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    PublishedOpen Access ArticleObjective To test the effectiveness of an integrated collaborative care model for people with depression and long term physical conditions. Design Cluster randomised controlled trial. Setting 36 general practices in the north west of England. Participants 387 patients with a record of diabetes or heart disease, or both, who had depressive symptoms (Ôëą10 on patient health questionaire-9 (PHQ-9)) for at least two weeks. Mean age was 58.5 (SD 11.7). Participants reported a mean of 6.2 (SD 3.0) long term conditions other than diabetes or heart disease; 240 (62%) were men; 360 (90%) completed the trial. Interventions Collaborative care included patient preference for behavioural activation, cognitive restructuring, graded exposure, and/or lifestyle advice, management of drug treatment, and prevention of relapse. Up to eight sessions of psychological treatment were delivered by specially trained psychological wellbeing practitioners employed by Improving Access to Psychological Therapy services in the English National Health Service; integration of care was enhanced by two treatment sessions delivered jointly with the practice nurse. Usual care was standard clinical practice provided by general practitioners and practice nurses. Main outcome measures The primary outcome was reduction in symptoms of depression on the self reported symptom checklist-13 depression scale (SCL-D13) at four months after baseline assessment. Secondary outcomes included anxiety symptoms (generalised anxiety disorder 7), self management (health education impact questionnaire), disability (Sheehan disability scale), and global quality of life (WHOQOL-BREF). Results 19 general practices were randomised to collaborative care and 20 to usual care; three practices withdrew from the trial before patients were recruited. 191 patients were recruited from practices allocated to collaborative care, and 196 from practices allocated to usual care. After adjustment for baseline depression score, mean depressive scores were 0.23 SCL-D13 points lower (95% confidence interval Ôłĺ0.41 to Ôłĺ0.05) in the collaborative care arm, equal to an adjusted standardised effect size of 0.30. Patients in the intervention arm also reported being better self managers, rated their care as more patient centred, and were more satisfied with their care. There were no significant differences between groups in quality of life, disease specific quality of life, self efficacy, disability, and social support. Conclusions Collaborative care that incorporates brief low intensity psychological therapy delivered in partnership with practice nurses in primary care can reduce depression and improve self management of chronic disease in people with mental and physical multimorbidity. The size of the treatment effects were modest and were less than the prespecified effect but were achieved in a trial run in routine settings with a deprived population with high levels of mental and physical multimorbidity. Trial registration ISRCTN80309252.National Institute for Health ResearchCollaboration for Leadership in Applied Health ResearchCare for Greater Mancheste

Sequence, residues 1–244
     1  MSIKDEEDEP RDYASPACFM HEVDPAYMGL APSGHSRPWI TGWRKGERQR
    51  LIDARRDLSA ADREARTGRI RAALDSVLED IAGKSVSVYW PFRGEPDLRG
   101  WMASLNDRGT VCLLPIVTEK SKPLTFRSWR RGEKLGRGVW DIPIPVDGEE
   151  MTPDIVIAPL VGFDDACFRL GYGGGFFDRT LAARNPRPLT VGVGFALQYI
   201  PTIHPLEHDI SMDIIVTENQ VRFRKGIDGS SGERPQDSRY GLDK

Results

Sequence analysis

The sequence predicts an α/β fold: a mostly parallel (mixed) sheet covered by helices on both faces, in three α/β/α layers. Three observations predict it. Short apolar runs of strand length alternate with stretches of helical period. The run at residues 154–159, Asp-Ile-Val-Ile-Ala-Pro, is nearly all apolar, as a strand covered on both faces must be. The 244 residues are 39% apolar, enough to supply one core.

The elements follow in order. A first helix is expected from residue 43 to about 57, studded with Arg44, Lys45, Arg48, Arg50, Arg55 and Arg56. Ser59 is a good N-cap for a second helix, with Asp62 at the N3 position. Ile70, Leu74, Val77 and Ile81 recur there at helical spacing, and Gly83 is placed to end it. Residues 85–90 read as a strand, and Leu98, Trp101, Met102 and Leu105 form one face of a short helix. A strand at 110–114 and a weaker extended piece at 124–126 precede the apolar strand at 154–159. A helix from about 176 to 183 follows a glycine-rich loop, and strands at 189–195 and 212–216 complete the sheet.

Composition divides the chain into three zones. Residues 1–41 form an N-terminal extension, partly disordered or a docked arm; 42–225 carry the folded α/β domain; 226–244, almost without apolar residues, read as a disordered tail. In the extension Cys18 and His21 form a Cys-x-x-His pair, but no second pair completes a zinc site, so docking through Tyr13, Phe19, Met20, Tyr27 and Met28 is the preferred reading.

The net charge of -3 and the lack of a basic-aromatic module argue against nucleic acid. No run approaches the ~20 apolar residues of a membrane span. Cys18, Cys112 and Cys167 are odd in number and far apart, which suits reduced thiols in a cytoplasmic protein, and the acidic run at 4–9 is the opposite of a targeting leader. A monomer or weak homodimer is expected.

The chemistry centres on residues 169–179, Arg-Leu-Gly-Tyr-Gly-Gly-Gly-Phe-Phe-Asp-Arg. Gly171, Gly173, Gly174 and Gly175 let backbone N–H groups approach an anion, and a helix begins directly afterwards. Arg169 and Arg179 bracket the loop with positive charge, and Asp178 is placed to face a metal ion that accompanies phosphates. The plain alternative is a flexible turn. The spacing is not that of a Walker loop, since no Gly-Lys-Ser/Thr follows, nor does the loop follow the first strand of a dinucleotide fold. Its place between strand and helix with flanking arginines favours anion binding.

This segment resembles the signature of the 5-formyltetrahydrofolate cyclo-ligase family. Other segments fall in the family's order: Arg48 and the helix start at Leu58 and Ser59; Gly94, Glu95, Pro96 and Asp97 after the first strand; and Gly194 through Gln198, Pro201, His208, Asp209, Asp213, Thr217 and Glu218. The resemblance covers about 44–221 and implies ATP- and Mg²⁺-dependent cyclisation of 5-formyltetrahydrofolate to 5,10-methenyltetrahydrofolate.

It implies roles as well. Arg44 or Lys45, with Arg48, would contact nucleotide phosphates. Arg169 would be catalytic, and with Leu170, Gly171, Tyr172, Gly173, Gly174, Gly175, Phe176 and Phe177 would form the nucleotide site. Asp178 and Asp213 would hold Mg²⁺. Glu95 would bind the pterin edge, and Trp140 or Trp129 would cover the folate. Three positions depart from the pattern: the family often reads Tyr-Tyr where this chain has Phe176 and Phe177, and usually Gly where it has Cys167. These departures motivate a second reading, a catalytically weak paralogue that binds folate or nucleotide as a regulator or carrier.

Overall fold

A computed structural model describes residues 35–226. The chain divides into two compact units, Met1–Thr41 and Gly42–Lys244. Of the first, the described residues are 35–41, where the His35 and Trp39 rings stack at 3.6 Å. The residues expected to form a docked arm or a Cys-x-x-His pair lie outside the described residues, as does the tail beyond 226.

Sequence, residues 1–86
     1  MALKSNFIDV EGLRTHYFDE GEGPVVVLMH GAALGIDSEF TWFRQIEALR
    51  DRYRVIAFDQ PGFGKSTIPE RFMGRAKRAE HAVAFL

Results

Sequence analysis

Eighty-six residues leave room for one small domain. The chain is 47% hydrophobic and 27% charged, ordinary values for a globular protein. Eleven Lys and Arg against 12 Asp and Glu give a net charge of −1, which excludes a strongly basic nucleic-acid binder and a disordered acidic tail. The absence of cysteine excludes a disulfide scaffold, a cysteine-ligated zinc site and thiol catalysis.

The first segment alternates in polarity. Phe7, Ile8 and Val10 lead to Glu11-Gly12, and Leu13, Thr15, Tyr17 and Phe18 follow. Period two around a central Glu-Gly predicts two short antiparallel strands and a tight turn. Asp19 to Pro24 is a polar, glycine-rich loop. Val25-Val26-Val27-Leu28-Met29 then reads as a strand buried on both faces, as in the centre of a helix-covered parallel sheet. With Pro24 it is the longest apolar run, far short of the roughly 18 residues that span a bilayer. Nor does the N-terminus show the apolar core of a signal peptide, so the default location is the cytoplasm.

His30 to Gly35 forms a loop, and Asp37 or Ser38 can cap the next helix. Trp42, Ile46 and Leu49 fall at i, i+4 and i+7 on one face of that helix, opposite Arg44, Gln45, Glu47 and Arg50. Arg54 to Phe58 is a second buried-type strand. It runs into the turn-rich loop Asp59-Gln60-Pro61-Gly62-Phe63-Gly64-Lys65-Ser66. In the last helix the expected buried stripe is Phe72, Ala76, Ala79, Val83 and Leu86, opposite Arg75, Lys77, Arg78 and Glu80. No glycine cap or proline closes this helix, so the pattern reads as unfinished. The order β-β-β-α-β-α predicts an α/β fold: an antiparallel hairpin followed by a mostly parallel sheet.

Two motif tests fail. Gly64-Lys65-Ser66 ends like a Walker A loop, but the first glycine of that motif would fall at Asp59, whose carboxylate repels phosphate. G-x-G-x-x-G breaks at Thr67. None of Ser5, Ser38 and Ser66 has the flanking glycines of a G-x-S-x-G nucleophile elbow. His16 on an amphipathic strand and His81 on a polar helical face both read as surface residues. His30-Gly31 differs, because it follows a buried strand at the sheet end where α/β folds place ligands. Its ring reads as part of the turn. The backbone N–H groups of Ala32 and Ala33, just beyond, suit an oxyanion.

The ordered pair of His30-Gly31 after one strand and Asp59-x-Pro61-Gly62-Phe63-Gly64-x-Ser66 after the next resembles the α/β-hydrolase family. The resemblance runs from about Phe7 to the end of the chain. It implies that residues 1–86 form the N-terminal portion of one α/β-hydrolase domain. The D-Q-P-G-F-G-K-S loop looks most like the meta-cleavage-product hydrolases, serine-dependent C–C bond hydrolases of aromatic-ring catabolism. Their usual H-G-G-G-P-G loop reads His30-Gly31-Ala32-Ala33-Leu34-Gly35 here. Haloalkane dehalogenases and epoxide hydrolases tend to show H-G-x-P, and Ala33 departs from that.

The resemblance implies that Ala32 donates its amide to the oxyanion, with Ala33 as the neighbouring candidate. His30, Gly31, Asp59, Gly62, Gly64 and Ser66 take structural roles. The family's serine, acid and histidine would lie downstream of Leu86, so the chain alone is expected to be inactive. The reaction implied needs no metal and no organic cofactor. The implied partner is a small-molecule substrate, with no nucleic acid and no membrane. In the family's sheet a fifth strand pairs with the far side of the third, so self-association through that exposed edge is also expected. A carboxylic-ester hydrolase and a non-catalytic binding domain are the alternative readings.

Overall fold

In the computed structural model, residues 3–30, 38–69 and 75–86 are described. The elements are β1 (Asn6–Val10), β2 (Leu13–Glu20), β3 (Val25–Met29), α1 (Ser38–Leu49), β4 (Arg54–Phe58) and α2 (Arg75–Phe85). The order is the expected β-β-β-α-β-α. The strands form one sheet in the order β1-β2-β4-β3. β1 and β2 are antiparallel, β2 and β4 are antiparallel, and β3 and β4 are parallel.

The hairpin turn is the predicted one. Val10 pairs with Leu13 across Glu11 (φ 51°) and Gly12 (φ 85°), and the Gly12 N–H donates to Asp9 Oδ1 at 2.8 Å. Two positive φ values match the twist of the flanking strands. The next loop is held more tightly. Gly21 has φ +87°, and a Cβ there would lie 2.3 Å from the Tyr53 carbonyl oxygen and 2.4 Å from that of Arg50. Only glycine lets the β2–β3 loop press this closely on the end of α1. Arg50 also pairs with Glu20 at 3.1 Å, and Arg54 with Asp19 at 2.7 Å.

Update on the collaborative interventions for circulation and depression (COINCIDE) trial: changes to planned methodology of a cluster randomized controlled trial of collaborative care for depression in people with diabetes and/or coronary heart disease.

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    Published onlineJournal ArticleRandomized Controlled TrialResearch Support, Non-U.S. Gov'tBACKGROUND: The COINCIDE trial aims to evaluate the effectiveness and cost-effectiveness of a collaborative care intervention for depression in people with diabetes and/or coronary heart disease attending English general practices. DESIGN: This update details changes to the cluster and patient recruitment strategy for the COINCIDE study. The original protocol was published in Trials (http://www.trialsjournal.com/content/pdf/1745-6215-13-139.pdf). Modifications were made to the recruitment targets in response to lower-than-expected patient recruitment at the first ten general practices recruited into the study. In order to boost patient numbers and retain statistical power, the number of general practices recruited was increased from 30 to 36. Follow-up period was shortened from 6 months to 4 months to ensure that patients recruited to the trial could be followed up by the end of the study. RESULTS: Patient recruitment began on the 01/05/2012 and is planned to be completed by the 30/04/2013. Recruitment for general practices was completed on 31/10/2012, by which time the target of 36 practices had been recruited. The main trial results will be published in a peer-reviewed journal. CONCLUSION: The data from the trial will provide evidence on the effectiveness and cost-effectiveness of collaborative care for depression in people with diabetes and/or coronary heart disease. TRIAL REGISTRATION: TRIAL REGISTRATION NUMBER: ISRCTN80309252.NIHR Collaboration for Leadership in Applied Health Research and Care for Greater Mancheste